The Poetry Extension’s founder and curator, Natalya Anderson, interviews former dancer and ballet photographer, Karolina Kuras.
Karolina Kuras is a Toronto based ballet and portrait photographer, creator of The Company Project and photographer with the National Ballet of Canada. Her endless creativity and travels have brought her work with the world’s leading dancers.
Natalya: You are very modest and don’t seem to talk about yourself very much. It’s difficult to find much about what drew you to photography! What brought you to this incredible career?
Karolina: My mom is a painter and my dad plays the guitar, and they both used to take beautiful black and white photographs. We had many wonderful art and photography books around the house and I would spend hours with both the books and the photographs. I was 11 when I got little camera of my own. In high school my dad let me take his camera with me everywhere. One day he flat out gave it to me and said, “you’ve done more with this than I ever could, it’s yours”. That was a very encouraging moment and I wanted to keep doing better and learning because of it. I also had a teacher who pushed me to do a co-op placement with a photographer when I was 15. This placement forced me out of my shell as a shy teenager and was the first time I realized I could make a career as a photographer. So, it was a series of events that lined-up in a way. There was always a love of art in my family.
Natalya: It’s wonderful that your family and your teacher encouraged you. You bring depth and modernity to the craft of photographing dancers. How did you find ballet, and what excites you about it as an artistic expression?
Karolina: I’m a bun-head deep down, wanted to be a ballet dancer, and danced into my teens. Early on I was inspired by Baryshnikov. I have always been drawn to ballet. I can’t really put into words what is so exciting about ballet, but I think that whatever it means to me, that is what I try to capture in my work.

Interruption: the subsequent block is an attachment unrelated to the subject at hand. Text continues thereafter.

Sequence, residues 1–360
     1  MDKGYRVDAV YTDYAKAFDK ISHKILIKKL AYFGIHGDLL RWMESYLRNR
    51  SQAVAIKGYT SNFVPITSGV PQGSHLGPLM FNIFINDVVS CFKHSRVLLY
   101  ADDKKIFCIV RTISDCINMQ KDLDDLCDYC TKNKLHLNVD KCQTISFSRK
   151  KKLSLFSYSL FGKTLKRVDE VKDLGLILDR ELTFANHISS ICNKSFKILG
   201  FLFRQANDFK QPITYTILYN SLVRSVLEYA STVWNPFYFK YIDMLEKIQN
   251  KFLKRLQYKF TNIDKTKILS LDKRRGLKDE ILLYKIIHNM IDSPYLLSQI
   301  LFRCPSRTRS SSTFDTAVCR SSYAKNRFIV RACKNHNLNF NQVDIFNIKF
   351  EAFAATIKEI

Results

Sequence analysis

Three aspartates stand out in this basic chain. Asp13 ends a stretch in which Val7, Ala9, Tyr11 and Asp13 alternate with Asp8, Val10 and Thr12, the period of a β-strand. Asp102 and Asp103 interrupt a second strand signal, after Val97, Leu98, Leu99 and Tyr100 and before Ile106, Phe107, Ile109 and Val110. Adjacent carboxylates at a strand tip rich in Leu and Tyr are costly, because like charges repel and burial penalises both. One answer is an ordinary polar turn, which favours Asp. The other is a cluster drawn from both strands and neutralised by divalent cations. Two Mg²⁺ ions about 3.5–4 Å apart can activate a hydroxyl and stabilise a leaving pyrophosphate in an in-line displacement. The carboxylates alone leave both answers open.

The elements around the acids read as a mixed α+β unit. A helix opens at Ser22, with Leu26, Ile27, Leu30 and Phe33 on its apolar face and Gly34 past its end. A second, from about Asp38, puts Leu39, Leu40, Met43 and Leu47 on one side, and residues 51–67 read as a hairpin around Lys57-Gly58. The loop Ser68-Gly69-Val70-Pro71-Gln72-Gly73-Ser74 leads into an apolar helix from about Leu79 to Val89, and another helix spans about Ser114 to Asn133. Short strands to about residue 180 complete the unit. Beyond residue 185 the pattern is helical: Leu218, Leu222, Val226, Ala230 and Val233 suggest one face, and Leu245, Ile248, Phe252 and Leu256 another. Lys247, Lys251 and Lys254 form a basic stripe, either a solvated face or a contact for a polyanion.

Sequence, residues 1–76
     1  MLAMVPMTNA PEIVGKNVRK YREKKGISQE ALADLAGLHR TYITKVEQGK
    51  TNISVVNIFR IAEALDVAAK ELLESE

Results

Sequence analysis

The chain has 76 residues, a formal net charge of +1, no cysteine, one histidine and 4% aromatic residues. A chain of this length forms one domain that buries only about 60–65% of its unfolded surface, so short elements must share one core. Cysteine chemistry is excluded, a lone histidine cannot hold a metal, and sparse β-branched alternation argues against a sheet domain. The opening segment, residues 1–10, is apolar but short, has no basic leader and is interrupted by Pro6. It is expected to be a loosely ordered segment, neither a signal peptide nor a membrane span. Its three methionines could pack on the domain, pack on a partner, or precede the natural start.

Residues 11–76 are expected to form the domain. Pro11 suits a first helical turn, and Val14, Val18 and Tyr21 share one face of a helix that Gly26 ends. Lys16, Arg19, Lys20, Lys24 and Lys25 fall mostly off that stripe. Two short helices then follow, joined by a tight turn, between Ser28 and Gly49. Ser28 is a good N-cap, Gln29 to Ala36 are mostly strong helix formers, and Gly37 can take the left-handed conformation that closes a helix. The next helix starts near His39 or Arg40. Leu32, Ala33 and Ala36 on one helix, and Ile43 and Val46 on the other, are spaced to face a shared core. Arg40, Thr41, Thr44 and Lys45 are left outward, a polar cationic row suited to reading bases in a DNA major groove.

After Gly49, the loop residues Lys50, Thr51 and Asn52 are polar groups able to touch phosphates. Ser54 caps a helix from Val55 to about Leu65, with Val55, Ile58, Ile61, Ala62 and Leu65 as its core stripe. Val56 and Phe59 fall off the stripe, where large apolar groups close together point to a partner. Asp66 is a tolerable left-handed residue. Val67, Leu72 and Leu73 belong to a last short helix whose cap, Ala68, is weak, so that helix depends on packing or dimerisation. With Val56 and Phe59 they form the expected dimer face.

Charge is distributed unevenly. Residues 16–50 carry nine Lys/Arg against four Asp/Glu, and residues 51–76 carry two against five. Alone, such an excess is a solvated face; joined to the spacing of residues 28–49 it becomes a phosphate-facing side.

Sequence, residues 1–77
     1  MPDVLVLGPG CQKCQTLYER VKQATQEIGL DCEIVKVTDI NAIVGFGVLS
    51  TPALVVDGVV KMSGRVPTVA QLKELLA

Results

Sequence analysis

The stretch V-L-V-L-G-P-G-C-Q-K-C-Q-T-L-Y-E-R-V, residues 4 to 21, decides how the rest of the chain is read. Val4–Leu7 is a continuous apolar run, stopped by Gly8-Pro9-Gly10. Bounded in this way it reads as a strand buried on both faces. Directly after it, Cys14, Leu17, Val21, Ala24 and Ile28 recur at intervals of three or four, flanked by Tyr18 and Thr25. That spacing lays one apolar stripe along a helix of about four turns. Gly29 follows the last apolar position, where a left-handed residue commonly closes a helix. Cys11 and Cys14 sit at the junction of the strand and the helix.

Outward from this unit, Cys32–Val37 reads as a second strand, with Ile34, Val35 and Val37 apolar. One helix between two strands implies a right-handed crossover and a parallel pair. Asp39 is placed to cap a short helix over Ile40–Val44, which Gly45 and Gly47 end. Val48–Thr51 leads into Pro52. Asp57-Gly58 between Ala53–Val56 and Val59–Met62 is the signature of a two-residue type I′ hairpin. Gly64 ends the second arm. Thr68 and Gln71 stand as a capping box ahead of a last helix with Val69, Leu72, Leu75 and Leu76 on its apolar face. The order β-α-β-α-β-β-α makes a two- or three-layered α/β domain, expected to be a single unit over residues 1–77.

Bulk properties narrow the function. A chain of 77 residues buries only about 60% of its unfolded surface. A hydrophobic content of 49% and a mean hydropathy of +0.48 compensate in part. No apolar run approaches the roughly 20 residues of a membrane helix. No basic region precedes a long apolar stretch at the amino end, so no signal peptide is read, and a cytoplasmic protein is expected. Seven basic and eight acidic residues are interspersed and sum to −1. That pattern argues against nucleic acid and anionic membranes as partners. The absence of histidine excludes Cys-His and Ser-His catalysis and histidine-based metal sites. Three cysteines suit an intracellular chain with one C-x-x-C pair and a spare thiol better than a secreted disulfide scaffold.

Natalya: Oh, I love that you mention Baryshnikov. He is still so important. I owe my own ballet life to him and Gelsey Kirkland in terms of influence. In thinking about iconic ballet photographers like Martha Swope or Beverly Gallegos (old school warriors of ballet photography), and evolutionary photographers of dance like Johan Persson (you would know many, many more than me, but these are just some of my faves), who are your greatest influences, and what do you take and learn from them?
Karolina: I’ve been more likely to gravitate toward fashion and fine-art photography, and have mad love for Peter Lindbergh, Inez and Vinoodh, and Jock Sturges. I deliberately don’t follow dance photographers. I don’t like to have an influence that is so close to what I do. It’s too easy to compare and too hard not to be influenced.
Natalya: That’s so insightful of you, and this must be part of why your work is distinct. Dancers are performers, but they are very introverted in a sense, and they are very much tied to the studio mirror when they rehearse and scrutinize themselves. How do you take them from the dependency on the mirror and encourage them to trust you and your lens?
Karolina: It can be a challenge when we’re in a dance studio with mirrors. Sometimes, I’ll deliberately cover them up. It takes a little time to build the trust, but once they understand that I know what I’m looking at and that I can help them translate it best into two dimensional images, then it’s much easier for them to let go of that dependency.
Natalya: How, as an extension of that established trust, do you communicate the opposition of the dancer’s constant aim to discipline their body’s response to music, whilst at the same time allowing themselves to submit to total emotional abandonment?
Karolina: I don’t know that I do. Photo shoots are very different than dancing on the stage or in the dance studio. There is a lot of stop and start. We work on recreating a moment or getting to an emotion, but it’s controlled for the most part.
Natalya: And yet you’re producing something that people respond to with deep feeling because you have such an understanding of dance. Do you have any special or exceptional memories of photography sessions with any particular dancers that you want to share with our readers?
Karolina: I love shooting with someone who really understands and gets my work, and trusts me. Those who aren’t afraid to be open and try anything. My brilliant makeup artist, Ashley Readings, covering Brent Parolin from to head to toes in glitter… I will be dealing with the sparkly consequence of that for the rest of my life. Plastic drop sheets do nothing to contain the chaos. But it remains as one of my favourite shoots. The more I work with a dancer the better it gets, and I’ve developed a few really amazing, ongoing creative relationships.